Do you have all your requirements development and management processes in place but each project performs these processes differently? For example, your requirements elicitation process is not performed consistently across the organization. If this is the case, then your process-improvement objectives may be to get to capability level 3.
Do you consistently perform your requirements development and management processes but do not have an objective way to measure and improve these processes? If this is the case, then your process-improvement objectives may be to get to capability level 4.
Do you want to ensure that you are selecting the right processes to improve based on quantitative objectives to maximize your business? If yes, then your process-improvement objectives may be to get to capability level 5 for selected processes. In the description of each process area, remember to look for discipline amplications introduced by the phrases, "For Systems Engineering" and "For Software Engineering." Use all information that has no specific markings and the material that has the markings "Continuous Only" in the margins.
As you can see from this scenario, you need to understand what processes need improvement and also how much you want to improve each process. This is the fundamental principle behind the continuous representation.
In the second scenario, you are a software development company using IPPD, using the Software CMM, and wanting to use CMMI. You select the process areas at maturity levels 2 and 3 for both the software and IPPD disciplines.
This selection includes the following seven process areas at maturity level 2: Requirements Management, Project Planning, Project Monitoring and Control, Supplier Agreement Management, Measurement and Analysis, Process and Product Quality Assurance, and Configuration Management. It also includes the following thirteen process areas at maturity level 3: Requirements Development, Technical Solution, Product Integration, Verification, Validation, Organizational Process Focus, Organizational Process Definition, Organizational Training, Integrated Project Management (all the specific goals), Risk Management, Integrated Teaming, Decision Analysis and Resolution, and Organizational Environment for Integration.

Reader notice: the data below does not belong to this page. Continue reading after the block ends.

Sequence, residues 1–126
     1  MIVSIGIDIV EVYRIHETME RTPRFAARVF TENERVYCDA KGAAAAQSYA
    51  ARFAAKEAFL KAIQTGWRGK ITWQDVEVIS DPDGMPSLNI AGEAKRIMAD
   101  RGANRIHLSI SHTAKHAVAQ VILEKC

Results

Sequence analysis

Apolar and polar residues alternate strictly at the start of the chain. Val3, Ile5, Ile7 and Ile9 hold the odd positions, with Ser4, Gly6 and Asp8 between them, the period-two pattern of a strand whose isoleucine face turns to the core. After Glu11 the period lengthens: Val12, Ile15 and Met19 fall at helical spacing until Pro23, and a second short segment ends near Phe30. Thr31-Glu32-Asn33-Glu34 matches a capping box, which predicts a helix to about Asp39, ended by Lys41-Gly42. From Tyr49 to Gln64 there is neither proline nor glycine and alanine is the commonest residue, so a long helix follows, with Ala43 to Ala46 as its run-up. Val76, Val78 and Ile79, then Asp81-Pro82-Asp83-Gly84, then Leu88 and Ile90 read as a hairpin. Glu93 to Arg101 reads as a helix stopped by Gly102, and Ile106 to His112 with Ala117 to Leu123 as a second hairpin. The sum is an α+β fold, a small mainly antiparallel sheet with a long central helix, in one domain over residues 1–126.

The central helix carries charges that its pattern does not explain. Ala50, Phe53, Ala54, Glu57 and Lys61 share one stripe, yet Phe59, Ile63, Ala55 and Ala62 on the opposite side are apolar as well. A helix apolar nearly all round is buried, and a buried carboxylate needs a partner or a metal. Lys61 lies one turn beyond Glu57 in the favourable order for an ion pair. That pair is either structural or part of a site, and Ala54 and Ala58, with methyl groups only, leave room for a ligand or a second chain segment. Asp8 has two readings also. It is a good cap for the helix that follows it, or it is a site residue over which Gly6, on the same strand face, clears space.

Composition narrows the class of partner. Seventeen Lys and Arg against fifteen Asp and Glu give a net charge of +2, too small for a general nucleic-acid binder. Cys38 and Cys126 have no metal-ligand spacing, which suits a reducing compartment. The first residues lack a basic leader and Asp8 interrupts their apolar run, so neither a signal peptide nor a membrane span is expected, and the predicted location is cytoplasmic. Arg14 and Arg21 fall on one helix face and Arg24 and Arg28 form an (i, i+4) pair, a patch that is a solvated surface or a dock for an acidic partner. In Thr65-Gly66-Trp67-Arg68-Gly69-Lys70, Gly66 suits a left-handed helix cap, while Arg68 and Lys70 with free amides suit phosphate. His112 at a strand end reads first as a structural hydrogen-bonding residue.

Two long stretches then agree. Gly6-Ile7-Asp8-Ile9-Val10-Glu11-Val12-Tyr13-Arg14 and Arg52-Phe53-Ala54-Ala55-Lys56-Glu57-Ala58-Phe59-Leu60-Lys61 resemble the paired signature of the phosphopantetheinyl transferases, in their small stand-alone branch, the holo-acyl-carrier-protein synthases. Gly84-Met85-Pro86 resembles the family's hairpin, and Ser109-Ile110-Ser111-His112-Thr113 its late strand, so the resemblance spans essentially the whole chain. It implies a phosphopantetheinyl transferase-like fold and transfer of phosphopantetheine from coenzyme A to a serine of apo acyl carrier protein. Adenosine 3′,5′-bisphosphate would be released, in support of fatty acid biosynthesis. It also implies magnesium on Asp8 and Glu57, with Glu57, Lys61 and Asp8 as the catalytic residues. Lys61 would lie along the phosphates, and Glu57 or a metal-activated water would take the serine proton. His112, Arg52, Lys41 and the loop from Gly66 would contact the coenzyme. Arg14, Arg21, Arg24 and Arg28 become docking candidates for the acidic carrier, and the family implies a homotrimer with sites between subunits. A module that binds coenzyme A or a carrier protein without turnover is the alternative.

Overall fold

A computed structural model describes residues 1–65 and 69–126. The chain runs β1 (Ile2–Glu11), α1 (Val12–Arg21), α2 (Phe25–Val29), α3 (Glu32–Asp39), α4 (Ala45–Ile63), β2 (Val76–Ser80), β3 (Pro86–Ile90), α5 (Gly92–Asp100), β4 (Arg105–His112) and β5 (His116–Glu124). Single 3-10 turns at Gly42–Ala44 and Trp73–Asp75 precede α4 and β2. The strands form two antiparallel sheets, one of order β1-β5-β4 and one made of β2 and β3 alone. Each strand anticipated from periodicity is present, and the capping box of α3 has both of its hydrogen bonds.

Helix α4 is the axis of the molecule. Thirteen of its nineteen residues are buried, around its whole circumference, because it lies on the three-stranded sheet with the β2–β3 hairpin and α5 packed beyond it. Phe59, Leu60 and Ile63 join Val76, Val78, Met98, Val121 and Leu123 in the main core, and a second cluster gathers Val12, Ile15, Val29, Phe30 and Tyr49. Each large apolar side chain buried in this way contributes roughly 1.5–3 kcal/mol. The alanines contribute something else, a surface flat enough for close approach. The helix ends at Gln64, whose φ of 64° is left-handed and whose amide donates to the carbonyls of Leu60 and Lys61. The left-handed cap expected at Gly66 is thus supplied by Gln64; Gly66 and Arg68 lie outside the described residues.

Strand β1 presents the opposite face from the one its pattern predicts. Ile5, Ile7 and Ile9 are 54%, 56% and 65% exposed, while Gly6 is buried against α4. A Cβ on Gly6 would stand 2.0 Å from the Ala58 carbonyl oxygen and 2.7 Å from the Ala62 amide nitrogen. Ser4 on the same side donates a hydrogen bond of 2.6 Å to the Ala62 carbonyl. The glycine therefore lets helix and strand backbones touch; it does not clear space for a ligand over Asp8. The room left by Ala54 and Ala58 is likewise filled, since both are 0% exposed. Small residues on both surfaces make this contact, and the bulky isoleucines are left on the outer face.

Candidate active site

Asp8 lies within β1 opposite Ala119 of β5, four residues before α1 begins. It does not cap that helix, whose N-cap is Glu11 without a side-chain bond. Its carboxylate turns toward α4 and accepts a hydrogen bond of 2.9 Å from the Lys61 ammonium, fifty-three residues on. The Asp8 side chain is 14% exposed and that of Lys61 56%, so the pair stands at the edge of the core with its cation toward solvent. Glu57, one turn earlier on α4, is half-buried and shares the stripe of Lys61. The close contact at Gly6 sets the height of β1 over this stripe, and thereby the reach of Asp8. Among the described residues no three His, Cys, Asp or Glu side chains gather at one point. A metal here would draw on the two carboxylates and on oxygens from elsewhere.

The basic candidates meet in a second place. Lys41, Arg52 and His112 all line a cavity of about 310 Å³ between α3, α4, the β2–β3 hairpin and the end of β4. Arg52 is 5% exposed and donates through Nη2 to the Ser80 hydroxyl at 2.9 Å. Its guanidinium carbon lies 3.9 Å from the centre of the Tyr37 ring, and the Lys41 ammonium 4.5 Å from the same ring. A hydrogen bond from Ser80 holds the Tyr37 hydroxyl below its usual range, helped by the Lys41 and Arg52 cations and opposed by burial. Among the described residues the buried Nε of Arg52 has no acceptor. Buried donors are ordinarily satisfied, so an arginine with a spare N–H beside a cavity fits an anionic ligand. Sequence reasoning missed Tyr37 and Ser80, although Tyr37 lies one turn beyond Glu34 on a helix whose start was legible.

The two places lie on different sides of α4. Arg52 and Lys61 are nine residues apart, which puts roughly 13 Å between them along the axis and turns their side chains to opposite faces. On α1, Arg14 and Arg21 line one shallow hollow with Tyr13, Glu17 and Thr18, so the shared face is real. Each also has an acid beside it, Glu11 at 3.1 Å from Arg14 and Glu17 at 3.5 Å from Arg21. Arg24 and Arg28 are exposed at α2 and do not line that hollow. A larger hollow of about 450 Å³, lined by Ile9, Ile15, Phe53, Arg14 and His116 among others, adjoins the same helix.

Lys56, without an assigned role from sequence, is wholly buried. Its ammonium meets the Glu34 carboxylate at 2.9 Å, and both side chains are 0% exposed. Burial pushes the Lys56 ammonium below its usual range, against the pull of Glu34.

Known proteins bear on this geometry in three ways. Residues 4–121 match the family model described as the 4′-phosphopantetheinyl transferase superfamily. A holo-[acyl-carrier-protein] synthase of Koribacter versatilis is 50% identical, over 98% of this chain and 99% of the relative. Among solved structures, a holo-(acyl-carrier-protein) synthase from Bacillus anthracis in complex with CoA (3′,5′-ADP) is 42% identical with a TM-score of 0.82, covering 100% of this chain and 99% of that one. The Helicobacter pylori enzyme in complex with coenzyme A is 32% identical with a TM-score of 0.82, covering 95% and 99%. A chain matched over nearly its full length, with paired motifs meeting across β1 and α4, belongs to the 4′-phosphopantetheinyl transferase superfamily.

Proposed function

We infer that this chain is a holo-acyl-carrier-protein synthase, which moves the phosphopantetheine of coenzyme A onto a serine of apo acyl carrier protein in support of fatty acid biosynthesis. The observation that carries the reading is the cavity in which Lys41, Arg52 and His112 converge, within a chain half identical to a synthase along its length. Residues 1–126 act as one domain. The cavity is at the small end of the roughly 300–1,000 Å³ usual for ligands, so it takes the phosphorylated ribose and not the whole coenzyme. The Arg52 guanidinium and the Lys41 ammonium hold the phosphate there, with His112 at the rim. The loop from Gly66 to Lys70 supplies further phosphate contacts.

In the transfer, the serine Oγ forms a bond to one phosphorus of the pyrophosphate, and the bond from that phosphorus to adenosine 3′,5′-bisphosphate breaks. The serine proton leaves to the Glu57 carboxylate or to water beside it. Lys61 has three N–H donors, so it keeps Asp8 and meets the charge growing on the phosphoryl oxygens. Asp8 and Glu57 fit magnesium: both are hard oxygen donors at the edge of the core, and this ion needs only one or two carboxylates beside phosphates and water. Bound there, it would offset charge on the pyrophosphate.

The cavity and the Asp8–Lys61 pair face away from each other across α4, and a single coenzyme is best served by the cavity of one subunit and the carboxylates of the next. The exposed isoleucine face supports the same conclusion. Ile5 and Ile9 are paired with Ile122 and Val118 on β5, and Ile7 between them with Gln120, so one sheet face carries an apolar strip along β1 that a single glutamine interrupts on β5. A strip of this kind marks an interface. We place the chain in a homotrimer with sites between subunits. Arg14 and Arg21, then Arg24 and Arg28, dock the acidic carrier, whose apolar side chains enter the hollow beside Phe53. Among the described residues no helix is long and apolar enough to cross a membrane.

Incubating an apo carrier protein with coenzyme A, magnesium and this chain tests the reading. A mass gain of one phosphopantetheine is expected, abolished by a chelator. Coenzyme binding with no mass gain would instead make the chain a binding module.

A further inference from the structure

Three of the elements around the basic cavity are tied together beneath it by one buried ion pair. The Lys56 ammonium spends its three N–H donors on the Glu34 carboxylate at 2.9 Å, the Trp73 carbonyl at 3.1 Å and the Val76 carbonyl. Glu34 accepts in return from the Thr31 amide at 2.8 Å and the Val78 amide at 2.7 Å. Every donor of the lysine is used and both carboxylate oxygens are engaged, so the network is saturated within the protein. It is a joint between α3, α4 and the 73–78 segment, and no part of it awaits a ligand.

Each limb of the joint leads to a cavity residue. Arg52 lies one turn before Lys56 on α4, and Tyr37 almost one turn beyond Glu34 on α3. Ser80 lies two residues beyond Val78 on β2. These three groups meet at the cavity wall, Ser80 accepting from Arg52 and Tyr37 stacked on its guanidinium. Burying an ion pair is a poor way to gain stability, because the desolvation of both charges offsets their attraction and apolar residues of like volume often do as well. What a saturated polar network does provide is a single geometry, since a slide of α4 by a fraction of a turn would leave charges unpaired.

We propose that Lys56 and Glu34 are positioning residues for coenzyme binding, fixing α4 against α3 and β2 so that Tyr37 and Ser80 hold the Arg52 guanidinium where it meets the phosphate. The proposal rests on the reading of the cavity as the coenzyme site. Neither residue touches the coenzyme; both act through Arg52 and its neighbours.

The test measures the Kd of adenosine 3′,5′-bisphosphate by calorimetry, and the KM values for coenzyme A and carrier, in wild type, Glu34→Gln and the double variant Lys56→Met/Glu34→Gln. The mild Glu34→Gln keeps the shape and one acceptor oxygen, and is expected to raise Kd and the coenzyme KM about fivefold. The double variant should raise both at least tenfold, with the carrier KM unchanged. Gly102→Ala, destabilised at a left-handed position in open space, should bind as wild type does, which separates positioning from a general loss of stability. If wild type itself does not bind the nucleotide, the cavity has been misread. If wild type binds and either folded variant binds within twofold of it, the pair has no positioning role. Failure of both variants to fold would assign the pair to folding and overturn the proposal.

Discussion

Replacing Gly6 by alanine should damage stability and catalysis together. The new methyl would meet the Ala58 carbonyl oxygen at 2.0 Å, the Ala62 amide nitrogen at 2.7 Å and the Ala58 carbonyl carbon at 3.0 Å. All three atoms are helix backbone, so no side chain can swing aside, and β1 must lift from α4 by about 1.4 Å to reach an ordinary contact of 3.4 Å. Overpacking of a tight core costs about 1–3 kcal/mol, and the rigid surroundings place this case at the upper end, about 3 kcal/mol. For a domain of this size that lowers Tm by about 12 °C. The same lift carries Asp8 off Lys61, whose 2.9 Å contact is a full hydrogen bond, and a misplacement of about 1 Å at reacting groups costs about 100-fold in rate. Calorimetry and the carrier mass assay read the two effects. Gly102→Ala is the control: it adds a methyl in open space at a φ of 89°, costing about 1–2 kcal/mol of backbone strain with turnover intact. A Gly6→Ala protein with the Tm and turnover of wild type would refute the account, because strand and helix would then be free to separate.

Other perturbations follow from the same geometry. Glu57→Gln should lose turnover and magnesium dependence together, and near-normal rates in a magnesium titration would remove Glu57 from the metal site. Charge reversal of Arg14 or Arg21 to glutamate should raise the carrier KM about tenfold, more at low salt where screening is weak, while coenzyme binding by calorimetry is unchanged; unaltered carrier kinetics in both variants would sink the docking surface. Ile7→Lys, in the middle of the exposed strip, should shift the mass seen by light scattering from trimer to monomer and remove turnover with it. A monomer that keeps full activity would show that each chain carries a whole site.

Since you have already been rated at maturity level 3 for the Software CMM, look at the CMMI process areas that were not in the Software CMM. These process areas include Measurement and Analysis, Requirements Development, Technical Solution, Product Integration, Verification, Validation, Risk Management, Integrated Teaming, Decision Analysis and Resolution, and Organizational Environment for Integration. Determine if you have these processes in your organization even though they were not described in the Software CMM. If there are processes in place that correspond to these process areas and for the other process areas that were in the Software CMM, perform a gap analysis against the goals and practices to make sure that you addressed the intent of each of the CMMI process areas.
Remember, in each process area you select, to look for the discipline amplications introduced by the phrases "For Software Engineering" and "For Integrated Product and Process Development." Use all information that has no specific markings and the material that has the markings "Staged Only" in the margins.
This has been an initial look at the two representations. A more detailed description is provided in chapter 5.